For the Briody clan, being the UConn mascot is all in the family.
Two generations of this Connecticut family have proudly donned the giant husky dog head and suit and clowned around at football games and other events.
“It’s a whole mindset. You really get into it. It’s a lot of fun,” said Joe Briody ’86 (BUS), ’95 MA, ’96 Ph.D. His children, Caitlin ’17 (CLAS) and Patrick, who is currently a junior, recently were Jonathans as well.
So far, four Briodys have played the spirited dog, high-fiving fans, posing for photos, and engaging in general husky high jinks. “I thought it would be cool to carry on the tradition and be part of it,” Caitlin said. “We’re a big UConn family. So it’s cool to represent the school that way.”
The Briody family tradition started with Joe’s older brother, John ’82 (BUS), ’14 6th Year.
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Secrets of being a Jonathan mascot…
- Rubbing bald heads is part of the job
- Your identity is a top secret
- Sometimes skirmishes with the other mascots go a little too far
- Children are either delighted or terrified to see you
- You have no peripheral vision
- The costume is very warm, good for October football games, bad for hot days
- The suit gets ripe by midsemester
- Two Jonathans work in shifts at football games
“I was going into college already a big sports fan, and it just allowed me to live out being a fan in front of folks,” said John, an elementary school principal in Andover. “I loved being silly and I loved the kids and families.”
Joe decided to carry on the tradition after visiting John at UConn and seeing how much fun he had being Jonathan during a football game. Joe invented the floor slide—running and diving onto the floor and sliding into the camera lens. He even graduated as Jonathan, getting his diploma in a cap and gown.
More recently, Joe’s son, Patrick, decided to try out to be the mascot after looking for ways to get involved his freshman year. He loved going into the stands and interacting with fans. He even had a signature move.
“When kids would pet the head, any time they would go behind the ear, you would get the leg shaking a little bit,” he said, laughing.
Part of the tradition—and challenge—of being Jonathan is keeping your identity a secret. No one is supposed to know who is playing the dog, except perhaps your parents.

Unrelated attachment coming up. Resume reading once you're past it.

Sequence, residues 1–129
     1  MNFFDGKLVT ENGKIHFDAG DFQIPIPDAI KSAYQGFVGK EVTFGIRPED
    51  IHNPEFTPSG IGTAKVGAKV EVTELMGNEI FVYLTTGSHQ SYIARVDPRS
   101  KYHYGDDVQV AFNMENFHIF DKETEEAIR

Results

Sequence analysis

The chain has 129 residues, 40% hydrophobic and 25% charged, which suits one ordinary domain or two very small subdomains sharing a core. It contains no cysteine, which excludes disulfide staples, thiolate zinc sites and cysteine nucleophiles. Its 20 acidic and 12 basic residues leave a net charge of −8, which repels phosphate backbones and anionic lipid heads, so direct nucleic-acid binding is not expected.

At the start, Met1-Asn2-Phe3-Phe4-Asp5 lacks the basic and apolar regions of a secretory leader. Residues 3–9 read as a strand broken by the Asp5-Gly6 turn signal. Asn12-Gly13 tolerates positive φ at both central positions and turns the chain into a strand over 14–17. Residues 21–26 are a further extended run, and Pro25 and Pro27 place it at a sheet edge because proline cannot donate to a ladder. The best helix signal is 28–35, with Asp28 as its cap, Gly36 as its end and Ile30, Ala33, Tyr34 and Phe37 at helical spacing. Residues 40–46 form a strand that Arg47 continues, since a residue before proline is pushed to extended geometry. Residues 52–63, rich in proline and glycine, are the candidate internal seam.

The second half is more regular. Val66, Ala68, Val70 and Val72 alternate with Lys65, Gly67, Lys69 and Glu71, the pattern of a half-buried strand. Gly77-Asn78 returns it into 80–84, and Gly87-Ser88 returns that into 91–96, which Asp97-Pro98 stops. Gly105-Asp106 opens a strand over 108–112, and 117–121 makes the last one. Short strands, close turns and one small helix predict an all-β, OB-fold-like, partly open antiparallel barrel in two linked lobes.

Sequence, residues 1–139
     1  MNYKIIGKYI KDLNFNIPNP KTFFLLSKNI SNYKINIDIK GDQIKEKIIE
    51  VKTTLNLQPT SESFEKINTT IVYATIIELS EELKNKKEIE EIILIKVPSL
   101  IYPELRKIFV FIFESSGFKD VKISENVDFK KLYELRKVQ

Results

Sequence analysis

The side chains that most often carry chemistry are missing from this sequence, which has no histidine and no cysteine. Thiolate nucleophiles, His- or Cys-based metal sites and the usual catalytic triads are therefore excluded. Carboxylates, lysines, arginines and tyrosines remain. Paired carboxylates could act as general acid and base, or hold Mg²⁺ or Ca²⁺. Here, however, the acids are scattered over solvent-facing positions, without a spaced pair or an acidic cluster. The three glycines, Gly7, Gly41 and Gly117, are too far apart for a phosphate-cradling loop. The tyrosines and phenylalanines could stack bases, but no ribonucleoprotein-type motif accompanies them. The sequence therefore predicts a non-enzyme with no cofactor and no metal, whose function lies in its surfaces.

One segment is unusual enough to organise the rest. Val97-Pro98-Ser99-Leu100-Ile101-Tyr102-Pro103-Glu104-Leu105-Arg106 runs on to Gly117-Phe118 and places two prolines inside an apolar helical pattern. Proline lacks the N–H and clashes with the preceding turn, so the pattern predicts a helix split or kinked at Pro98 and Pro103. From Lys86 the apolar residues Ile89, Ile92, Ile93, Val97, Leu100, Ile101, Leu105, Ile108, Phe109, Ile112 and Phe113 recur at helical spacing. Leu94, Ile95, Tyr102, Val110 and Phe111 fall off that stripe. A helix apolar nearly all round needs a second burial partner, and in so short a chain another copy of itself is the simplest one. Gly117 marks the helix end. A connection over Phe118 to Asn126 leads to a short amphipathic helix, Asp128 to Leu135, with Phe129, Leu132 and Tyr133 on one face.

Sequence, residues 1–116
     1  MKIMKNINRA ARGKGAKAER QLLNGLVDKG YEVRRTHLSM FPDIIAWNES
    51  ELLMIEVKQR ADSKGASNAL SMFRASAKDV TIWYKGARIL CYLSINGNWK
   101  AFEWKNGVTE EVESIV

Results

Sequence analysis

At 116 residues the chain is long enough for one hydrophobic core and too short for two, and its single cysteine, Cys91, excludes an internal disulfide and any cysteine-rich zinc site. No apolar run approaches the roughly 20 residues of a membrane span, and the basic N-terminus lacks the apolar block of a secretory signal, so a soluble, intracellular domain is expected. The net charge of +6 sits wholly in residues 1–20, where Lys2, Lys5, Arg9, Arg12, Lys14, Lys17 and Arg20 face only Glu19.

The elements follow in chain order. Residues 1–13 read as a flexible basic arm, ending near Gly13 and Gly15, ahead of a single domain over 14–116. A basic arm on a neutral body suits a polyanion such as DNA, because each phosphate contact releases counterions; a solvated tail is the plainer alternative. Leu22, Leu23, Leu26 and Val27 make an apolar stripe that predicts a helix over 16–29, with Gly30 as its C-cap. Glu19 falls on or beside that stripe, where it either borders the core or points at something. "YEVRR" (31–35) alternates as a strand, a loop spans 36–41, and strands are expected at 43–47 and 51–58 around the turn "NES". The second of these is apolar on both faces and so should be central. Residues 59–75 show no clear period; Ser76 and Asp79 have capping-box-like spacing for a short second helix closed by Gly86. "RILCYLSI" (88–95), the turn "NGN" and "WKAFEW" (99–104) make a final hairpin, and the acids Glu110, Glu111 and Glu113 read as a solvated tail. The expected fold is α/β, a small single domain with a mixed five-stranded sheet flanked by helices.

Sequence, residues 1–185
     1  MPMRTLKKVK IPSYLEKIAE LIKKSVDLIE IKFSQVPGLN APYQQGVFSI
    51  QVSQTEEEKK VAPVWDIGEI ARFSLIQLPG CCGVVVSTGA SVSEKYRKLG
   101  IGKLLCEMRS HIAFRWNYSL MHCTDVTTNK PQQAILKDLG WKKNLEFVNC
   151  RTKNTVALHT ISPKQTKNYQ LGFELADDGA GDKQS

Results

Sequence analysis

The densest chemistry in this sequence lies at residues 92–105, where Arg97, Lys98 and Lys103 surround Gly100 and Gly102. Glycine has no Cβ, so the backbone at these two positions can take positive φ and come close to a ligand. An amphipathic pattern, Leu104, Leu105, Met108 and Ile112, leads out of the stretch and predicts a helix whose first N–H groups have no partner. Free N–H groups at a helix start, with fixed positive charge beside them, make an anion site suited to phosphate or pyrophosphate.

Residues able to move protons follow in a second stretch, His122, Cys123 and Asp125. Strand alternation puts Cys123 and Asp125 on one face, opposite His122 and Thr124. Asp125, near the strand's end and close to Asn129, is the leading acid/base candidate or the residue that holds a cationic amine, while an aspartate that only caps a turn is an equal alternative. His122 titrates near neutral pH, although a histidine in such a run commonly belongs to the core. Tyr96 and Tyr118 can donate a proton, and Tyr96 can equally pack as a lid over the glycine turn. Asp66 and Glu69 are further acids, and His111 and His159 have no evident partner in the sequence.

“It’s kind of neat doing this thing that not a lot of people know that you do,” Joe said. “You become Jonathan—not Joe in the Jonathan suit, or Patrick in the Jonathan suit. It’s Jonathan and no one knows who’s in there,” he said.
Joe met his wife when he was the mascot. She was an usher at a soccer game and had seen him under the bleachers, adjusting his costume. She tried to get his attention.
“Joe would come by but was interested in the girl I was working with,” Diane Briody ’87 (CLAS), ’95 MA said, laughing. Eventually, Joe caught on and they had their first date at Huskies.
Back in the 80s, the mascot would travel with the team to all the games at rival schools in the Big East, not just post-season games. He remembers one time getting hit in the back of the head with a soda while in the stands at a basketball game in the Carrier Dome in Syracuse.
“And I was like, ‘I’m gonna find out who this is’ and I turned back around and I’m looking through these one-inch eye holes and a sea of orange people. And they’re all looking back at me like ‘Yeah? What are you gonna do?’ I quickly realized I was way out of my element and I retreated to underneath the basketball hoop where cheerleaders were and had a good time the rest of game.”
“With the hometown crowd, you almost can’t do anything wrong,” said Joe, who currently supervises the mascot as part of his job as associate director of student activities at UConn. “The kids light up when they see you. Either that or they’re scared to pieces. You rub the bald heads, take people’s chairs. It’s just a lot of fun.”